The home of the Basenji is Central Africa. It was here that the British discovered him in 1870, although it was not until systematic breeding of the breed until around 1930. Basenji means "little wild thing from the bush", which still describes its character well today. Dogs of this breed most likely descend from the Egyptian dog form Tesem. Even if the
Basenji now exists outside of Africa, many dogs still live with the pygmies in the forests of Central Africa. Here they support the people in the hunt. The FCI officially leads the Basenji in Group 5 , Section 6 under standard number 43. The external appearance of the Basenji
Males weigh around eleven kilograms, while bitches weighing up to 9.5 kilograms are somewhat lighter.
With a withers height of around 43 centimeters, Basenji males are a little larger than bitches. Their average size is forty centimeters.
Basenjis are available in black, reddish brown, tan and white. A large white area on the neck and chest is quite common. Apart from that, the fur of these dogs can also be brindle and spotted, with badges usually showing on the cheeks and above the eyes. At the end of the tail there is always a white tip at the Basenji
The Basenji is a compact and quite muscular dog, the build of which is reminiscent of that of a spitz . His tail is turned up and mostly narrow. A special feature of this breed are its paws, in which the two middle toe balls have grown together. Basenji's ears are always steeply up. Special properties
Basenjis still connects a lot with her wild past. These dogs are very independent and attentive, are extremely reluctant to subordinate themselves and have a very high urge to move. In dealing with humans, this breed proves to be friendly and accessible, but it can show a strong stubbornness. Therefore Basenjis are not suitable for beginners. You need a holder who will deal with you with great consistency, understanding and patience. Basenjis only hear well if they enjoyed a very intensive upbringing in the first few years and built up a close relationship of trust with their people. You may like this list of asian dog breeds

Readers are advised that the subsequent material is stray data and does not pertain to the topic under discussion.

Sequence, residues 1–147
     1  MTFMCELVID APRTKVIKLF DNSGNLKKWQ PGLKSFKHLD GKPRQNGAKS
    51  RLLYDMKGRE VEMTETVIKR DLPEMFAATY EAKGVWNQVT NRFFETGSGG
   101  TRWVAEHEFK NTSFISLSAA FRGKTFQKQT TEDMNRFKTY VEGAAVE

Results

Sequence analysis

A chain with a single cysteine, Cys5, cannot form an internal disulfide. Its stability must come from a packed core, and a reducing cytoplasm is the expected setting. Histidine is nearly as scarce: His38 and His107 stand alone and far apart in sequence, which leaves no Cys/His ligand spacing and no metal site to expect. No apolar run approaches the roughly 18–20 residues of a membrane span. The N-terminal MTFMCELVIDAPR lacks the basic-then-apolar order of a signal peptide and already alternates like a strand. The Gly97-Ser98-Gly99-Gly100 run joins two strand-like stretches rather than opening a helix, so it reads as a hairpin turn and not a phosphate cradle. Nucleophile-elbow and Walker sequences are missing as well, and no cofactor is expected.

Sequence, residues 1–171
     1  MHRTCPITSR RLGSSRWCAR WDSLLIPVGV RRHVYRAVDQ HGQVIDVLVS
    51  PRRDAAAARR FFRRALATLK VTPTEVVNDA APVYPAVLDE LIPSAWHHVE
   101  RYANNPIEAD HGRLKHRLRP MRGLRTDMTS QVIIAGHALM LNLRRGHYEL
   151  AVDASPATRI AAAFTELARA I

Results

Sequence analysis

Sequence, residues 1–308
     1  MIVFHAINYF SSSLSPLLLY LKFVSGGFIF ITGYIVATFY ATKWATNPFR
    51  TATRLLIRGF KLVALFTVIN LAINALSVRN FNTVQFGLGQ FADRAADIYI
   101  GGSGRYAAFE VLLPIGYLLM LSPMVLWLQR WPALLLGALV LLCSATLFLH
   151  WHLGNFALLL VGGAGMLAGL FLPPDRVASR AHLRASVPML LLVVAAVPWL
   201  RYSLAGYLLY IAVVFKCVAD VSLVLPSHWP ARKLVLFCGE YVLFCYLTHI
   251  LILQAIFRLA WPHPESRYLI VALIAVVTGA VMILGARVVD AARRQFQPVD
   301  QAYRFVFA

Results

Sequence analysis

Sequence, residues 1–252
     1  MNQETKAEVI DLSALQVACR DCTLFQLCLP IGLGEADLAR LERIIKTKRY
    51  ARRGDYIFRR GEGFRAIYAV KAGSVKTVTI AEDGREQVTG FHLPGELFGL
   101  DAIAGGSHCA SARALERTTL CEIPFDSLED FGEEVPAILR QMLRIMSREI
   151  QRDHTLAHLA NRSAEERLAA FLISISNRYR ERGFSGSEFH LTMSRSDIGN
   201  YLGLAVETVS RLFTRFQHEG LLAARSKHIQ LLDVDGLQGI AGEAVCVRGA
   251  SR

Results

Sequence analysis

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But even then the Basenji remains independent and does not lose its urge for freedom. When walking, it is therefore important that dogs of this breed are kept on a leash, or have been intensively prepared in advance for free running and retrieval. In an emergency, a Basenji is of little interest whether he moves too far.
Basenjis are not very fond of barking. They communicate much more often with their special yodelling, which can sound very versatile. The Basenji has its own for every emotion and need
very own sequence of sounds.
Possible areas of application
Basenjis like the pygmies used for hunting is hardly conceivable in western countries. To do justice to these dogs, owners should think about different sports such as agility or Cani Cross . Here the Basenji can freely express his urge to move.
Care and maintenance of the Basenji
Basenjis are extremely clean dogs that are very clean. In the home of a Basenji owner, visitors will therefore find neither typical dog smell nor a lot of hair. Occasional brushing is sufficient to care for the fur.
Basenjis can be kept in an apartment, but tend to behave undesirably if they are not fully occupied. In particular, destroying inventory and nibbling cables and furniture can then be the order of the day. Wherever the Basenji is held: it has to go for walks several times a day and move intensively. A house with a well-fenced garden can help with occupancy.
Basenjis don't like the cold. Therefore, they should not be kept outdoors for too long, especially during the cooler seasons. According to teacupdogdaily.com
, This breed is much more comfortable than the winter or autumn garden in this apartment.
Basenjis only feel good in the pack. The keeping of several dogs is therefore a good idea to do justice to this breed. The Basenji also does not like to be left alone, which is why it is not suitable for keepers with a full-time job or people who are often and long away from home.
Since Basenjis are unfamiliar with storing, hoarding, and hiding food, they eat whatever they find. Dog owners should therefore be extremely vigilant, especially on walks. Otherwise it can quickly happen that your dog eats something dangerous or even poisonous.
This post is provided by Mrsdoggie.com